Friday, 21 March 2014
Dillinger sums up the pitiful achievements of the NHS and DAFNE for type one diabetics.
"Firstly, here is a summary of the DCCT/EDIC study (the DCCT bit is the short term bit and the EDIC is the follow up)
From that summary it says; “the DCCT (1983-93, mean follow-up of 6.5 years) demonstrated the beneficial effects of intensive treatment (IT), aimed at achieving glycemic levels as close to the non-diabetic range as safely possible, compared with conventional treatment (CT) on retinopathy, nephropathy, and neuropathy.”
The key thing here is close to the ‘non-diabetic range’ which in DCCT speak means below 6.0% in old HbA1c money (correct me if that’s wrong).
“Intensive treatment” meant multiple daily injections of short acting insulin with a long acting background dose; the basal/bolus we are all familiar with, there would have also been advice and support on carbohydrate counting. Note that both groups were on a diet of about 240 carbohydrates a day.
As has been stated the general reduction in HbA1c for intensive treatment didn’t get anywhere near 6.0% HbA1cs for any length of time; in fact only the very first HbA1c approached that.
The CT group maintained an average HbA1c of about 9.0% (similar to their baseline value) throughout the 3-9 (mean 6.5) years of follow-up. Those in the IT group lowered their HbA1c to about 7.0% and maintained this for the duration of the study.
However, even with those pretty poor results marked improvements in the array of diabetic complications were found; for instance the IT group reduced the adjusted mean risk for the development of retinopathy by 76 percent, as compared with CT group.
So, that is why the basal/bolus regime is pushed as a good idea for Type 1 diabetics and why the ‘support’ of the DAFNE course is given to try and replicate the support that the IT group received.
The questions then are; is a basal/bolus regime with DAFNE achieving a reduction in HbA1c?
Well, possibly; about 80% of Type 1’s are getting below 10% but are they getting anywhere near the target level normal HbA1c?
From the much discussed National Diabetic Audit for 2010/11 see page 21 for Type 1’s in England (sorry other Northern Ireland, Scotland and Wales):
So, that’s a pretty emphatic ‘no’; frustratingly they don’t use 7.0% HbaA1c to make it easy to compare to the DCCT, but they do have figures for a 7.5% HbA1c – with only 28.3% of Type 1’s getting that level. And below 6.5 the pitiful 6.9% of people – those at 6.0% or below is not clear but it’s going to be small.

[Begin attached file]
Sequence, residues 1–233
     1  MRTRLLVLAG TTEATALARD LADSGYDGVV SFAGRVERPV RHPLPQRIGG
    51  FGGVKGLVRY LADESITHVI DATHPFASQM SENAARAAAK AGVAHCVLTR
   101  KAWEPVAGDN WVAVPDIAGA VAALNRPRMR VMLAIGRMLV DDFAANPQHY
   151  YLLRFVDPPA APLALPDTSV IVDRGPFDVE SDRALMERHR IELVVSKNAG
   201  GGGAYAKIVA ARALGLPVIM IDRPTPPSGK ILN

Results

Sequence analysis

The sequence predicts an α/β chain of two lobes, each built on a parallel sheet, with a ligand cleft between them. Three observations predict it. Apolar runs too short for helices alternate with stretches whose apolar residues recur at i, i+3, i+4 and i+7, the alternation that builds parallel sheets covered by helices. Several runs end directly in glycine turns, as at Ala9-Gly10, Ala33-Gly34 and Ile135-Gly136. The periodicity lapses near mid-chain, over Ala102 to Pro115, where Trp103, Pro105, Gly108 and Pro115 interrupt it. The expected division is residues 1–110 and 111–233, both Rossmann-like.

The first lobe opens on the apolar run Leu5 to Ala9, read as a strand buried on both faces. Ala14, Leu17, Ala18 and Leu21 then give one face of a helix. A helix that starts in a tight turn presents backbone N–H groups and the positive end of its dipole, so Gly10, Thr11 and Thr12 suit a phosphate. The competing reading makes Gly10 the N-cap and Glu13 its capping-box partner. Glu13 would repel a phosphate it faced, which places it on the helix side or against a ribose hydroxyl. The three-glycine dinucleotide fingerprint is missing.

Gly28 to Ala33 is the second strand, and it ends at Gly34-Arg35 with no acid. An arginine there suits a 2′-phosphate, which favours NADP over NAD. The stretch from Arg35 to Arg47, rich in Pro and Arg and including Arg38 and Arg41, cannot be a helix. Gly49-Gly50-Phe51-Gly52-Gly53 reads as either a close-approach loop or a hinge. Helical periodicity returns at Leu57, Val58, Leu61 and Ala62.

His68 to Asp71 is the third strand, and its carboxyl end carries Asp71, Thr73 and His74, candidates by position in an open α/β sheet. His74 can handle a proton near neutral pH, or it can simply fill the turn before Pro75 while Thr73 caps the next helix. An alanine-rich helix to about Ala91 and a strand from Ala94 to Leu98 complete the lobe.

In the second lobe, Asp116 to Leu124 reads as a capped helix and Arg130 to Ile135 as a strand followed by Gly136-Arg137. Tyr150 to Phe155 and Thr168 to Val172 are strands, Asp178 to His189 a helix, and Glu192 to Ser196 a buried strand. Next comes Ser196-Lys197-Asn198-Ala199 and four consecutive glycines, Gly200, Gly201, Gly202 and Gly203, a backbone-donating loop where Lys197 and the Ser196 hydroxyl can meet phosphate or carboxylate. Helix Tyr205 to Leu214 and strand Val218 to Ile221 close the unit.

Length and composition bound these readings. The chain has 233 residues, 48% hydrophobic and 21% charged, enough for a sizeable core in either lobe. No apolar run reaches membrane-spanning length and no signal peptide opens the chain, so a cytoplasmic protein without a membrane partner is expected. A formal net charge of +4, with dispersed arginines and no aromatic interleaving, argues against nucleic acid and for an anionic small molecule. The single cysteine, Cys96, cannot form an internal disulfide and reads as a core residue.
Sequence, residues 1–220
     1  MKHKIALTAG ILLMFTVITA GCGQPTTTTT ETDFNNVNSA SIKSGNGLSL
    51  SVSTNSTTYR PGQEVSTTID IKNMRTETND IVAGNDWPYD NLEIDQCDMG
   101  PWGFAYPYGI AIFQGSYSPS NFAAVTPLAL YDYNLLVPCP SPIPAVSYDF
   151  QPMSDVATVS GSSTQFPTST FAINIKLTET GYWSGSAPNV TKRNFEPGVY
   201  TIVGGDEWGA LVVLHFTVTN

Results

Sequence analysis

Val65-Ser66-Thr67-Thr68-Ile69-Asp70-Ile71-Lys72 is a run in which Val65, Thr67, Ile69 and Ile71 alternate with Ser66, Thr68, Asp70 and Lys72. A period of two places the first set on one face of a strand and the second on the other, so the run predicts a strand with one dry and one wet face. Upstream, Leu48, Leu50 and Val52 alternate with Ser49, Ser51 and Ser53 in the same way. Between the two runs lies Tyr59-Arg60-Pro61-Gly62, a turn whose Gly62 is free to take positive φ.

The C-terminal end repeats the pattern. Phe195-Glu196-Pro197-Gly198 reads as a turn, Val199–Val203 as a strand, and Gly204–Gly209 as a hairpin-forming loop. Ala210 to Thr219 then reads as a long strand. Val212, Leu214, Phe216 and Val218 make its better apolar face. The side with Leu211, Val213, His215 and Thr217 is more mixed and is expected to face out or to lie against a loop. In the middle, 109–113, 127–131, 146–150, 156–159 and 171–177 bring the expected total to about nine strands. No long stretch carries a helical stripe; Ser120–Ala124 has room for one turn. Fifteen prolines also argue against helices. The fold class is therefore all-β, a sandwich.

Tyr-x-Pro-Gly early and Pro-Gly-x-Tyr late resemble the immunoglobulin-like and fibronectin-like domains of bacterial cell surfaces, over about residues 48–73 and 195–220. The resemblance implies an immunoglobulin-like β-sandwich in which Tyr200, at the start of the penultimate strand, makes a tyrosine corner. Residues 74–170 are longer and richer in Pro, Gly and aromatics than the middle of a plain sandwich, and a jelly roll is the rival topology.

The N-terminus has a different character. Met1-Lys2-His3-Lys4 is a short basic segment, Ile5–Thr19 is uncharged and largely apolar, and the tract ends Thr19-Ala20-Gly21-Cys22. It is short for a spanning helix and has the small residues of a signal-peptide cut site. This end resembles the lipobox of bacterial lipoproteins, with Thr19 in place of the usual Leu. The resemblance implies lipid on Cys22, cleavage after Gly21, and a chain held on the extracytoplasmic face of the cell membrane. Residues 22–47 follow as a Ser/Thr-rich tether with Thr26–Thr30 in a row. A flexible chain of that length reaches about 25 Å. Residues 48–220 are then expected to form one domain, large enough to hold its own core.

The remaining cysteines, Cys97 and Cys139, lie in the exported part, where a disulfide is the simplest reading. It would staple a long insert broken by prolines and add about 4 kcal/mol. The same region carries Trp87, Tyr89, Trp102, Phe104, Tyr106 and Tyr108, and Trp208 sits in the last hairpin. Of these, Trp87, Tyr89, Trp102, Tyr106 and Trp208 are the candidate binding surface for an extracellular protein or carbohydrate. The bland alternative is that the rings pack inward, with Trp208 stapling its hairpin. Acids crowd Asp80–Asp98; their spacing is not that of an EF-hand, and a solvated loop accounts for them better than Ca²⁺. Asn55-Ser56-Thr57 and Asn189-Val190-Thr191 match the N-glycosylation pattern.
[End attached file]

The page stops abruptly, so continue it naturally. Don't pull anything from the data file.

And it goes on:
How by any stretch of the imagination can that be seen as a success for DAFNE and/or the conventional approach to managing diabetes. If you produced those sorts of below target rates in the industry I’m in you would last approximately 3 months before being fired.
But that’s not all; because notwithstanding the failure to meet the pretty bad levels achieved in the DCCT of 7.0% the target of the DCCT, as I’ve said, was 6.0% - because that was felt to be the higher end of non-diabetic HbA1cs and therefore possibly achievable.
If you compare the DCCT to my own in depth ‘study’ on here:
You will see that 100% of Type 1’s got below 6.9% (the IT DCCT result) and 54% got lower than 6.1% - the described target of the DCCT. How did they do that? Was it DAFNE? Was it divine intervention? Well, we all know don’t we? It was by following a low-carb diet. Not a single low-carbing Type 1 on here has stated they have an HbA1c above 6.9% - even me with my recent blip is half a percentage point below the best that the DCCT achieved.
So, DAFNE is all well and good if like Sam says a target HbA1c of about 7.0% is what you want, but if you want to get off the complications train there is only 1 alternative…"
Nicked without Dillinger's permission from the flog. The $64,000 question, why do the carboholics believe these abysmal stats represent safe diabetic control and progress ?